The number of people forced to flee their homes in two regions of Burkina Faso besieged by ethnic and jihadist violence increased more than six-fold since January to around 500 000, the United Nations and aid groups said.
Attacks by Islamist militants and clashes between herding and farming communities surged this year, killing hundreds of civilians and soldiers.
Once a pocket of relative calm in the Sahel, Burkina suffered a home-grown insurgency for three years, amplified by a spill-over of jihadist violence from Mali.
In a statement at the end of a visit to Burkina, 11 UN aid agencies and non-governmental organisations, said the insecurity crippled the health and education sectors.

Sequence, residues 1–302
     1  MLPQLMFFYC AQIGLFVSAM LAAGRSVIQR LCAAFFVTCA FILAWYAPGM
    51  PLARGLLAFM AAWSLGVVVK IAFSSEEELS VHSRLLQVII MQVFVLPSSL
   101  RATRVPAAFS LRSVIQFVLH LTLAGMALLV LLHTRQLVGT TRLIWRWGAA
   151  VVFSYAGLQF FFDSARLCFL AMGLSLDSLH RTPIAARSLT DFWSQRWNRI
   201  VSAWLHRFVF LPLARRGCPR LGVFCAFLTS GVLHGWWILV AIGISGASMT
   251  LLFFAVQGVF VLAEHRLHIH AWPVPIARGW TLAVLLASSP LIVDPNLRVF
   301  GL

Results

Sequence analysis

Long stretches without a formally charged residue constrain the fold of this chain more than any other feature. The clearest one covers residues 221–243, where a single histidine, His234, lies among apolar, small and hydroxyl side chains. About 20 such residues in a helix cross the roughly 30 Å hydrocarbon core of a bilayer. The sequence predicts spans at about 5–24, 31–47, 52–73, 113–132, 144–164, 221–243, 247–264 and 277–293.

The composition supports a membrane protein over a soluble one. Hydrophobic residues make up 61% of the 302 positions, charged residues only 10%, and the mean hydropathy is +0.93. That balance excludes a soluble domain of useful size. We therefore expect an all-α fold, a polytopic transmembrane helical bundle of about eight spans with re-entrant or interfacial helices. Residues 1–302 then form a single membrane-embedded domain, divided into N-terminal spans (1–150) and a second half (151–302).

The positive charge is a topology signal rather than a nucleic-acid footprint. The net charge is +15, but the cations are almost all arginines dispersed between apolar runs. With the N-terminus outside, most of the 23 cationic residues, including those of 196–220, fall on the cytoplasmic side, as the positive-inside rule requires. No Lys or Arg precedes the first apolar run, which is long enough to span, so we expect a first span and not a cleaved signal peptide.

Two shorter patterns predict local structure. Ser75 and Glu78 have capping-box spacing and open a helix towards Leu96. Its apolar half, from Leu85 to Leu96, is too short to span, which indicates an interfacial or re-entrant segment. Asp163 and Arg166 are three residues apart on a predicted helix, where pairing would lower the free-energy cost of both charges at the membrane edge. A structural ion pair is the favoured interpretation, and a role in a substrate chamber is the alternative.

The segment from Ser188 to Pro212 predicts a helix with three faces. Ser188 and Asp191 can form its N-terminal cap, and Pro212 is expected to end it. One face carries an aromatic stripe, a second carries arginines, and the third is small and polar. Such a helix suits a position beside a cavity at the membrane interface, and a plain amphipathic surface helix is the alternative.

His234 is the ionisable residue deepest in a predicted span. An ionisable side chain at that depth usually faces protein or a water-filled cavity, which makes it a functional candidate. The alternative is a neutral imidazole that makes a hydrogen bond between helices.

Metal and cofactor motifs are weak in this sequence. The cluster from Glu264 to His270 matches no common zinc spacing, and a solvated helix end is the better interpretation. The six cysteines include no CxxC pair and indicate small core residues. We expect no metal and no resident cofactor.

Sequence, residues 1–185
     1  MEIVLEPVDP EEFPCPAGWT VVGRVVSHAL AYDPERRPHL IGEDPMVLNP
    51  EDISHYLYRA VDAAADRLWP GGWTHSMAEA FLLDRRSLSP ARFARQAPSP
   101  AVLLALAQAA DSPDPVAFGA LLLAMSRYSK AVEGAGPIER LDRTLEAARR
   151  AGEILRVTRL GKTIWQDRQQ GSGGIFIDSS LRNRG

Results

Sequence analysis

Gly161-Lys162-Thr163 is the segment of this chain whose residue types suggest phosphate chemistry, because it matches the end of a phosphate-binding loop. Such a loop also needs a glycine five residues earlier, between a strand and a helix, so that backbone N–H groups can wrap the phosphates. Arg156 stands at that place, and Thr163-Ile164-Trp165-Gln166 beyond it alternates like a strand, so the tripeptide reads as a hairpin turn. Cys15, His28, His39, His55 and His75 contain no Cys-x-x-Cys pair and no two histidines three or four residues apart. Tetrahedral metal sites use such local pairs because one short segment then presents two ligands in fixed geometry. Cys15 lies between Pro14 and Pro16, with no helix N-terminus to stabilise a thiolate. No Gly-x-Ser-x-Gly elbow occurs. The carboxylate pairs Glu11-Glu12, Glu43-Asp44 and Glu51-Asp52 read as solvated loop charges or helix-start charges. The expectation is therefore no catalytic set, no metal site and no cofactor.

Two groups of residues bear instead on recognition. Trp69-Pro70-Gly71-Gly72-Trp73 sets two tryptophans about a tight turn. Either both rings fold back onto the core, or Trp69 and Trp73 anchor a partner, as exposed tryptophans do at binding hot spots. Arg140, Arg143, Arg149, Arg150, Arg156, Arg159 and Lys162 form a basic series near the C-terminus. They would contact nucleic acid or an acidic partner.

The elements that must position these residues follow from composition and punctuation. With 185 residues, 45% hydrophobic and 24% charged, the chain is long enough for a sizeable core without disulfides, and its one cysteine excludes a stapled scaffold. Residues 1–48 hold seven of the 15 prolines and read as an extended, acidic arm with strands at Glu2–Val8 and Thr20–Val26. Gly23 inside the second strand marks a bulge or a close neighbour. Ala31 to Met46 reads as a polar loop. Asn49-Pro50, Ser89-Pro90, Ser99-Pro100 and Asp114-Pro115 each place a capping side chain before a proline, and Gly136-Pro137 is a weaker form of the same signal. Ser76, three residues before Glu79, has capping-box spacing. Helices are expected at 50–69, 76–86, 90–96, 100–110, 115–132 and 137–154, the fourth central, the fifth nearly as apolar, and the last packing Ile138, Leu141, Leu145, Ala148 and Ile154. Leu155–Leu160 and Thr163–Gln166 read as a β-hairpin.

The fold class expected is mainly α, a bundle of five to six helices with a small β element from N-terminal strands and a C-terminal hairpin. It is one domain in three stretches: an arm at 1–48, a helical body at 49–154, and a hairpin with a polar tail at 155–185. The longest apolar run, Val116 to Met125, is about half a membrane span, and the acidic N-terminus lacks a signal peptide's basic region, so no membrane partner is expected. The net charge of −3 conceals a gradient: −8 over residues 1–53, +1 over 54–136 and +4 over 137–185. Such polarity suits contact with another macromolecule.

“The mission was taken aback by the severity and urgency of the humanitarian crisis,” said Margot van der Velden, director of emergencies for the UN World Food Programme.
The agencies called on donors to step up assistance to Burkina, which needs $187 million to assist 1,3 million people.
In the most recent large-scale violence, suspected jihadists killed around 20 people in an attack on a gold-mining site in the north last week.